At least six local residents and business owners in the Durango, Colorado area have filed a lawsuit against the company that operates the steam engine-powered train that hauls tourists on a 50-mile route between that city and Silverton. The Durango & Silverton Narrow Gauge Railroad locomotive burns coal which heats water, converting it to steam. Similar powered trains are known to start fires when burning embers are produced along with the smoke. The suit alleges that the train started a fire on June 1 north of Durango that eventually burned over 54,000 acres in very steep terrain west of Highway 550.
When the fire first started it was named the “Train xx Fire”. But instead of the “xx” there was a number, which gave the impression that a train had also started other fires in the area. After the fire quickly grew very large, the name was changed to “416 Fire”. The U.S. Forest Service investigated to determine the cause, but according to an article in the Durango Herald they have not released the results, which will likely be reviewed by Colorado State Attorney General’s office before they are revealed in late fall or early winter.
The people that filed the lawsuit claim the fire adversely affected tourism, causing a 5.6 percent drop in sales tax and a 13.2 percent drop in lodgers tax over the same period in 2017.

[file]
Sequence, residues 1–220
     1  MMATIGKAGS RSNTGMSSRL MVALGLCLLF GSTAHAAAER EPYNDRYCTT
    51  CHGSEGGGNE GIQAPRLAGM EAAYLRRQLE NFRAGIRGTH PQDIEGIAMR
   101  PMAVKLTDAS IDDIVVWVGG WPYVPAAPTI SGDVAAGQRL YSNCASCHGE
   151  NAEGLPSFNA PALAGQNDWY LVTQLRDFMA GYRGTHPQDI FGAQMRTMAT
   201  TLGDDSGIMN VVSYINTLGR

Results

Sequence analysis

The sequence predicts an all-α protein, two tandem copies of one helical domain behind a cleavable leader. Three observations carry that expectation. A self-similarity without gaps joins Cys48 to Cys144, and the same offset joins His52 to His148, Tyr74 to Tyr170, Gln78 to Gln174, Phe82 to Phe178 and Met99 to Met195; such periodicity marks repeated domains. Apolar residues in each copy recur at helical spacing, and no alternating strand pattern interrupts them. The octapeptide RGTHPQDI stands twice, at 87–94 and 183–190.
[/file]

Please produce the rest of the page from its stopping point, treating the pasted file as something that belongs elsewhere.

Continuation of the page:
Below are excerpts from the Herald’s article:
Plaintiffs say the company and its owner knew, or should have known, of the drought conditions that existed at the time the fire started.
The company did work to prevent this possibility. The train has its own firefighting tactics, such as having pop cars with water tankers follow a train to extinguish small fires and a helicopter to tackle fires from the air.
But plaintiffs say the railway operator was not equipped to extinguish this blaze. It had just laid off its veteran crew of firefighters at the beginning of the year, the lawsuit states, and replaced them “with employees much less experienced in fire mitigation and firefighting techniques.”
Fire crews “were unable to put down the fire because they were insufficiently trained by the defendant and/or because the firefighting equipment provided on the pop car was wholly insufficient to appropriately respond to the fire,” attorneys wrote in the lawsuit.
The video below is an interview with Cres Fleming who was the second person on scene at the 416 Fire June 1, 2018.
Thanks and a tip of the hat go out to Gary.
Typos or errors, report them HERE.